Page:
Wavertree’s Demon Well
According to James Mackinley in ‘Folklore of Scottish Lochs and Springs’ (1893) ‘At Wavertree, in Lancashire, once stood a monastery and beside it was a well. When pilgrims arrived, the occupants of the monastery received their alms. If nothing was given, a demon, chained to the bottom of the well, was said to laugh. This notion was either originated or perpetuated by a fifteenth century Latin inscription to this effect, “Qui non dat quad habet. Daemon infra ridet.”
I am unsure about a monastery being having been in Wavertree, however William Moss’s ‘The Liverpool Guide’ (1796) referred to an old monastic looking house inhabited by some religious order, who might request alms towards their support.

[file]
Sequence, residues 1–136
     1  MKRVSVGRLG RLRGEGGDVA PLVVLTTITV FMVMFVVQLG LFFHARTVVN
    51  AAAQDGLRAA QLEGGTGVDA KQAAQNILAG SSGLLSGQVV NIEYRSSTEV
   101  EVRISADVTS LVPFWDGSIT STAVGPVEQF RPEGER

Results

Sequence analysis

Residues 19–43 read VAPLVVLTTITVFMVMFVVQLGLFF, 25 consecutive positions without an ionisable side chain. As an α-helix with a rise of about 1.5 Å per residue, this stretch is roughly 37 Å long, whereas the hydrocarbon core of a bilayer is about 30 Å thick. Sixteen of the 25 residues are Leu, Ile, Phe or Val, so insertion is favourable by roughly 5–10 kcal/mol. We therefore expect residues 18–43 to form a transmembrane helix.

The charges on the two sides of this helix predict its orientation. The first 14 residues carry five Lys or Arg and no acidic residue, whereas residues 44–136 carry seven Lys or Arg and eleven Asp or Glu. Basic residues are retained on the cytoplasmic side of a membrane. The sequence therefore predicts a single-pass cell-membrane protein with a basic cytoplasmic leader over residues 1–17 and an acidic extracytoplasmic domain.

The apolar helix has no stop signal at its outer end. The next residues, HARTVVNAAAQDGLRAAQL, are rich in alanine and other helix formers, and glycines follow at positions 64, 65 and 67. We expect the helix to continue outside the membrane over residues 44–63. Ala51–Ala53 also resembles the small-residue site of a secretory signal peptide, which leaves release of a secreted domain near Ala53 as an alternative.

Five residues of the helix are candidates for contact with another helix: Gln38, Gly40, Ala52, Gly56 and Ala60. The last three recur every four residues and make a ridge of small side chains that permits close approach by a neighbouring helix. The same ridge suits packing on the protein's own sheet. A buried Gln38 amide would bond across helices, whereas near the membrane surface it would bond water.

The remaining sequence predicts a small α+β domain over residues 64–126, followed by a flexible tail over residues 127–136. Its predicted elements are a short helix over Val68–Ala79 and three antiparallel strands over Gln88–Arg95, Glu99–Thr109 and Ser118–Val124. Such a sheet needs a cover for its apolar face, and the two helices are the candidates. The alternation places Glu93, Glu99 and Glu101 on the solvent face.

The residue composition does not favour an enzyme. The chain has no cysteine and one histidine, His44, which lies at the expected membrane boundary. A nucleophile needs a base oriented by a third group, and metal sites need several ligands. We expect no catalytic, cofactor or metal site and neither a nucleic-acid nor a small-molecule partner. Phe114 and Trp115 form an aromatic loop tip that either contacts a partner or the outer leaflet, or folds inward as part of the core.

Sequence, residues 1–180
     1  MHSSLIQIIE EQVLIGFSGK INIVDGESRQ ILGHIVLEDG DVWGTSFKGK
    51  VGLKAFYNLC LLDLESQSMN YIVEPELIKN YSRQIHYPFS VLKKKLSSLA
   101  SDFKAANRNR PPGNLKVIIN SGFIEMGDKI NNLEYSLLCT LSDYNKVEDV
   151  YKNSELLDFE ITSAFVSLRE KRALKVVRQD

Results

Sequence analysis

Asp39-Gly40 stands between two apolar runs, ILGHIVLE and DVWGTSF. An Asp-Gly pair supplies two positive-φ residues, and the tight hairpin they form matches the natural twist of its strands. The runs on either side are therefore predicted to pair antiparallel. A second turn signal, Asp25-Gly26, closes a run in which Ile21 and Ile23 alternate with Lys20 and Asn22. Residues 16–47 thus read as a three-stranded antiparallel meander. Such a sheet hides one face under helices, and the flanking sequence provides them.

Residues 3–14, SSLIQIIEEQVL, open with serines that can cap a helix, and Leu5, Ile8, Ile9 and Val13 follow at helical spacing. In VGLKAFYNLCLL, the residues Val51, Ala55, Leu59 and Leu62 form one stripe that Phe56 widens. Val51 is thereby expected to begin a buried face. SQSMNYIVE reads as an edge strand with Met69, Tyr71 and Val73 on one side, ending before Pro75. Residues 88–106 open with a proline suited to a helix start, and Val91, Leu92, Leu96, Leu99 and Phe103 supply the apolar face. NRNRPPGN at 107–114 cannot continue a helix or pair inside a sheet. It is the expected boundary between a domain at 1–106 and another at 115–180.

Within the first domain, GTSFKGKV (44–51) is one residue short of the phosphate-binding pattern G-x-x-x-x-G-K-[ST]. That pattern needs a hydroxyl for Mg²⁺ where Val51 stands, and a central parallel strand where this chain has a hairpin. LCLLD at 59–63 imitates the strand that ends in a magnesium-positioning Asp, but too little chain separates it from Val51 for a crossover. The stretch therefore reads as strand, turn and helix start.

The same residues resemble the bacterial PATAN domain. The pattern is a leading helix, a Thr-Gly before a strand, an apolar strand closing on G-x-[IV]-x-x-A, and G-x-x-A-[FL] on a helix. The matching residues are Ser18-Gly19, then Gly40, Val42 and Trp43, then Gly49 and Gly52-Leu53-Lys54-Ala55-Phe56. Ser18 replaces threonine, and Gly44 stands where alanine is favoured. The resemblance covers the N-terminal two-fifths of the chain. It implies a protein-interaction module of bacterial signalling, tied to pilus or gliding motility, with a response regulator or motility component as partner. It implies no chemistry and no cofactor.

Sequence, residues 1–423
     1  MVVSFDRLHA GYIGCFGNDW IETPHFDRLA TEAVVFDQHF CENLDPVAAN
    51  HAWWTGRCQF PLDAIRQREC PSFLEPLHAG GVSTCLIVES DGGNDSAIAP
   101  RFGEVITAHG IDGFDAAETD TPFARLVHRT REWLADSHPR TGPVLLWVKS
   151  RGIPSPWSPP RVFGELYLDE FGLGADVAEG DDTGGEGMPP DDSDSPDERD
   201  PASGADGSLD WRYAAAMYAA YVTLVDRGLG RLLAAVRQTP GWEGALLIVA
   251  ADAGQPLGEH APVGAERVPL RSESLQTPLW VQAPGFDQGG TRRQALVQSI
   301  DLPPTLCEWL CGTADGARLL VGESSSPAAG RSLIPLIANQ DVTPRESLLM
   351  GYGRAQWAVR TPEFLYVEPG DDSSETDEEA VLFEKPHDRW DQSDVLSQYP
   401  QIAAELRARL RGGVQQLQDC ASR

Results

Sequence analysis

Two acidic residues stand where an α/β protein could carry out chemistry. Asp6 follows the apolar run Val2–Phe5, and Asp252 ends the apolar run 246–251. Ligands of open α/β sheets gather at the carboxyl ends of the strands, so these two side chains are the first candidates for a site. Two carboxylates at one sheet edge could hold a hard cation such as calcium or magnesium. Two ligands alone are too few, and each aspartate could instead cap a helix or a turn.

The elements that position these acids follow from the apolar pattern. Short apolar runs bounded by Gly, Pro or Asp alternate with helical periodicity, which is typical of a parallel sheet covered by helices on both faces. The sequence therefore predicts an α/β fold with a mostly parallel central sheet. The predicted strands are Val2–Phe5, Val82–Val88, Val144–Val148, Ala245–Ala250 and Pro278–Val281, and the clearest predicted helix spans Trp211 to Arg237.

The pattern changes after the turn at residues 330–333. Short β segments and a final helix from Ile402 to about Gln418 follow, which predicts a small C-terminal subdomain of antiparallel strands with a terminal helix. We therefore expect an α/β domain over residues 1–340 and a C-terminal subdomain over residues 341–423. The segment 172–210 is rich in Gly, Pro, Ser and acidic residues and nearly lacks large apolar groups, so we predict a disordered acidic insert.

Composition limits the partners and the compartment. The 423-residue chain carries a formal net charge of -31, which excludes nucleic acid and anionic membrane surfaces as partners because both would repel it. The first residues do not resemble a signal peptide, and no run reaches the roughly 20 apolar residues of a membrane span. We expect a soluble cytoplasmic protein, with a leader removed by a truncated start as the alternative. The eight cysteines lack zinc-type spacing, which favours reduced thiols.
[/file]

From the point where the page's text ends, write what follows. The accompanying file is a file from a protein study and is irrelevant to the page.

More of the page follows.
The well with it’s inscription was mentioned in Baines’s Lancashire Directory of 1825 and William Andrews ‘The Church Treasury of History, Custom, Folk-lore, etc’ dates the inscription over the well as 1414 and sataes all travellers were supposed to give alms on drinking.
The map does not show the actual location of the well, just a central location for Wavertree.